Interpretations of Probability
First published Mon Oct 21, 2002; substantive revision
Sat Jul 7, 2007
‘Interpreting probability’ is a commonly used but
misleading name for a worthy enterprise. The so-called
‘interpretations of probability’ would be better called
‘analyses of various concepts of probability’, and
‘interpreting probability’ is the task of providing
such analyses.
Or perhaps better still, if our goal is
to transform inexact concepts of probability familiar
to ordinary folk into exact ones suitable for
philosophical and scientific theorizing, then the task
may be one of ‘explication’ in the sense of Carnap
(1950). Normally, we speak of interpreting a formal
system, that is, attaching familiar meanings to the
primitive terms in its axioms and theorems, usually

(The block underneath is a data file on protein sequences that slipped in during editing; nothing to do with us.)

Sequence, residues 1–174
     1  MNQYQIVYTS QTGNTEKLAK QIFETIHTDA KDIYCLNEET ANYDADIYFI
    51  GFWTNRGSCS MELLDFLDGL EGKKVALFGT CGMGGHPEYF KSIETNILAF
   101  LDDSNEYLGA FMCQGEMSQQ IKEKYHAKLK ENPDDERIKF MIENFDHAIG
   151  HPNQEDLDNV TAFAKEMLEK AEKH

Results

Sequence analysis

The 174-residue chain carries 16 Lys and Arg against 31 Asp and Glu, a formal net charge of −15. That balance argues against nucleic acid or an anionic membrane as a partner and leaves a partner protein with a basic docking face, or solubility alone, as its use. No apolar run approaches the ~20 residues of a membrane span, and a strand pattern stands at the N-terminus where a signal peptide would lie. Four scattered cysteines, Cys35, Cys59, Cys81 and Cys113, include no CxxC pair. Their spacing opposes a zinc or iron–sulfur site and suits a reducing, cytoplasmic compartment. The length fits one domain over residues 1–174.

with an eye to turning them into true statements about
some subject of interest. However, there is no single
formal system that is ‘probability’, but rather a host
of such systems. To be sure,
Kolmogorov's
axiomatization
, which we will present shortly, has
achieved the status of orthodoxy, and it is typically
what philosophers have in mind when they think of
‘probability theory’. Nevertheless, several of the
leading ‘interpretations of probability’ fail to
satisfy all of Kolmogorov's axioms, yet they have not
lost their title for that. Moreover, various other
quantities that have nothing to do with probability do
satisfy Kolmogorov's axioms
, and thus are
interpretations of it in a strict sense: normalized
mass, length, area, volume, and indeed anything that
falls under the scope of measure theory, the abstract
mathematical theory that generalizes such quantities.
Nobody seriously considers these to be ‘interpretations
of probability’,
however, because they do not play the
right role in our conceptual apparatus. Instead, we
will be concerned here with various probability-like
concepts that purportedly do. Be all that as it may, we
will follow common usage and drop the cringing scare
quotes in our survey of what philosophers have taken to
be the chief interpretations of probability.